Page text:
Frankenstein is what's known as an epistolary novel, its narration told through epistles or letters. Samuel Richardson perfected the form in his influential Pamela, Or, Virtue Rewarded (1740), in Clarissa, Or, The History of a Young Lady (1748), and then, turning from a female to a male protagonist of superior virtue, Richardson wrote The History of Sir Charles Grandison (1753). But it is probably Goethe's The Sorrows of Young Werther, which plays a central role in the monster's education, that infuenced Mary Shelley.
The epistolary form avoids an omniscient narrator and relies on personal expression by an immediately concerned correspondent, becomes importan to what's called the sentimental novel or novel of sensibility. These works focus upon a person of an especially sensitive temperamen who is quick to express sympathy and emotion in general.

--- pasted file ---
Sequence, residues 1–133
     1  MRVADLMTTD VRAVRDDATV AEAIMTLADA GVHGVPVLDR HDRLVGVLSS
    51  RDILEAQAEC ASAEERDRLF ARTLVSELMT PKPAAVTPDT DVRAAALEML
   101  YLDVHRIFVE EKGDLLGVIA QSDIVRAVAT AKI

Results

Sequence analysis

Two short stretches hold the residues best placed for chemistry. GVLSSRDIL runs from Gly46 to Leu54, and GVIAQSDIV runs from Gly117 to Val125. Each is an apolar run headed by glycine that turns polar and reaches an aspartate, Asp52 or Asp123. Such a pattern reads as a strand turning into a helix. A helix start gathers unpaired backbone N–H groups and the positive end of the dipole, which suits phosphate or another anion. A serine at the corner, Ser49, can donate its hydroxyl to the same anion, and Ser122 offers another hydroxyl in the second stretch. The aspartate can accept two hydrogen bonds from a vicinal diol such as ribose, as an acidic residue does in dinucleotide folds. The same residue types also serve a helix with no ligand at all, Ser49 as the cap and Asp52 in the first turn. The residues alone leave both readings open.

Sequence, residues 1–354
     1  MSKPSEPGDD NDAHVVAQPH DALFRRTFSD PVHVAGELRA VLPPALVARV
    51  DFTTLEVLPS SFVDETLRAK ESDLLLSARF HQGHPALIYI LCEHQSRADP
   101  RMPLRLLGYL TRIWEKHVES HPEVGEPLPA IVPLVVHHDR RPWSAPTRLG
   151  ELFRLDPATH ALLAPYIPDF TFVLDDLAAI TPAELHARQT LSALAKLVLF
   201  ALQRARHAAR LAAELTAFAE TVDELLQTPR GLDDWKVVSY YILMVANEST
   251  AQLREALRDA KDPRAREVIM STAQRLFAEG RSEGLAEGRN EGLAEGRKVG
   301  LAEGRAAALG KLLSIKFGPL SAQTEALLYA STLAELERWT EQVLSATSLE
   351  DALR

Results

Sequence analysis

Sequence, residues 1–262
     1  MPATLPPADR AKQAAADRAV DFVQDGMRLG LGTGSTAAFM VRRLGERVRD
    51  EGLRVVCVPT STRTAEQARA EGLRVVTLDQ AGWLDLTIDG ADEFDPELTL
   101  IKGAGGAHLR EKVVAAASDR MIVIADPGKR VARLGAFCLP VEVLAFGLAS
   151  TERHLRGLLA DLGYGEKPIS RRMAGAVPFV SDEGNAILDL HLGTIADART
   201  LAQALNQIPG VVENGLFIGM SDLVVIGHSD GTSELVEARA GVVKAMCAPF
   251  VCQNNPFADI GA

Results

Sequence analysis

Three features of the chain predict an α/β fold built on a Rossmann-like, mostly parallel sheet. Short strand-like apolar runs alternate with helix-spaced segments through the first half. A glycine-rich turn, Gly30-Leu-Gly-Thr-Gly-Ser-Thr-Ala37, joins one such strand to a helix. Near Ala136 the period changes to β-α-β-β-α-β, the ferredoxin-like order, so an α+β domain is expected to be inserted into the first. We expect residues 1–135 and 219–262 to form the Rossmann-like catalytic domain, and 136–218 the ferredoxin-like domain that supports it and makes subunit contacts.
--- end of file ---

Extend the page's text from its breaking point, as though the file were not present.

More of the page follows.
Richardson's subject matter and psychological exploration shape novels by Henry Mackenzie, Fanny Burney, Mrs. Radcliffe, and Austen. Grandison was a favorite of George Eliot (Mary Ann Evans). As suggested above, one of the most influential epistolary novels was Goethe's The Sorrows of Young Werther (1774; Search).
At first, Frankenstein's letters are brief, but as we proceed they lengthen until we forget we're reading a letter.